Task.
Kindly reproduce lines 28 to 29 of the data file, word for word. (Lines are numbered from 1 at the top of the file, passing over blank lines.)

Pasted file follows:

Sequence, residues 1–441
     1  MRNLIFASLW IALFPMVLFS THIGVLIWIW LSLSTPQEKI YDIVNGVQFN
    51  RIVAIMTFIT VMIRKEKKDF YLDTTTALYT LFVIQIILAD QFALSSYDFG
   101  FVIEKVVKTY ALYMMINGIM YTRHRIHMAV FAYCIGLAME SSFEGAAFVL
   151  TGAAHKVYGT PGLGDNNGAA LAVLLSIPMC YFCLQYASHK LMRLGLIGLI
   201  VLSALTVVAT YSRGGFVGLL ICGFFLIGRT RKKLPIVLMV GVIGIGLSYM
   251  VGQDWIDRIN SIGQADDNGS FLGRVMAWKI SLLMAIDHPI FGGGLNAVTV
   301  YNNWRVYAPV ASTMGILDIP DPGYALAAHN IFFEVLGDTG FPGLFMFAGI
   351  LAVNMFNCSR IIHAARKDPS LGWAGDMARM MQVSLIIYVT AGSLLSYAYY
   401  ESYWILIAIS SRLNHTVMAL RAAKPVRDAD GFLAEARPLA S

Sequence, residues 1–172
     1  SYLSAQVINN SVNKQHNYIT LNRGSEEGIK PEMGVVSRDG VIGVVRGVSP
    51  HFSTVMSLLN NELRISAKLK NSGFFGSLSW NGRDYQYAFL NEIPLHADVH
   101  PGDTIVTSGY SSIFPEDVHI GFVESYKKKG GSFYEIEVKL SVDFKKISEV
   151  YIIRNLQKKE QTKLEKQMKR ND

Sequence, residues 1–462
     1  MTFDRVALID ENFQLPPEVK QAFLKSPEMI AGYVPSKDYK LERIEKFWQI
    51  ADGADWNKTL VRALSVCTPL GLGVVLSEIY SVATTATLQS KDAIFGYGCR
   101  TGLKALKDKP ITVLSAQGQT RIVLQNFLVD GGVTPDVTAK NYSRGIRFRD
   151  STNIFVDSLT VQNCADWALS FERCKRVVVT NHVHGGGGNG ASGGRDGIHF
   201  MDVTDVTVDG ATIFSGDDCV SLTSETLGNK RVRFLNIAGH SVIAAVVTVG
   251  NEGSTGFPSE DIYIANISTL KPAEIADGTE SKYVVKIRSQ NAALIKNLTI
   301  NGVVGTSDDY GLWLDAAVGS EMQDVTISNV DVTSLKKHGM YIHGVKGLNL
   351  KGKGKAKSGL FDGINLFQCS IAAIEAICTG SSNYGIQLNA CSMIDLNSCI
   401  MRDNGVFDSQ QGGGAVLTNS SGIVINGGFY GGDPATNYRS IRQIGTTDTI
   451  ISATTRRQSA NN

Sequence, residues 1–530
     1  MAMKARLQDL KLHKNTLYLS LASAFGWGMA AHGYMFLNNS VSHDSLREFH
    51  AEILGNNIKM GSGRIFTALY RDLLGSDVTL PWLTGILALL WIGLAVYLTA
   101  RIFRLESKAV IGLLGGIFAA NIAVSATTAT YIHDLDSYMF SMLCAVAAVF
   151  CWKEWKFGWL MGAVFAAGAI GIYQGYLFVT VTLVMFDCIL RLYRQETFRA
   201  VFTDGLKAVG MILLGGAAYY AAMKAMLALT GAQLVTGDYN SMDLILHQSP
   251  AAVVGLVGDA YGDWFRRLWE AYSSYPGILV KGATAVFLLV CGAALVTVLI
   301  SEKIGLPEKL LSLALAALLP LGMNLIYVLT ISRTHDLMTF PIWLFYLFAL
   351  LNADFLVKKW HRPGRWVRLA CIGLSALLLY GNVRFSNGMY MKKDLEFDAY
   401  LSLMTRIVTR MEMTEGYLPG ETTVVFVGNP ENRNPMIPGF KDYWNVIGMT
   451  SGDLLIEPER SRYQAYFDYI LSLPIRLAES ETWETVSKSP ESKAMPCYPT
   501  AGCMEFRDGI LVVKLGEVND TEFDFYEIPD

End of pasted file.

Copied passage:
     1  MAMKARLQDL KLHKNTLYLS LASAFGWGMA AHGYMFLNNS VSHDSLREFH
    51  AEILGNNIKM GSGRIFTALY RDLLGSDVTL PWLTGILALL WIGLAVYLTA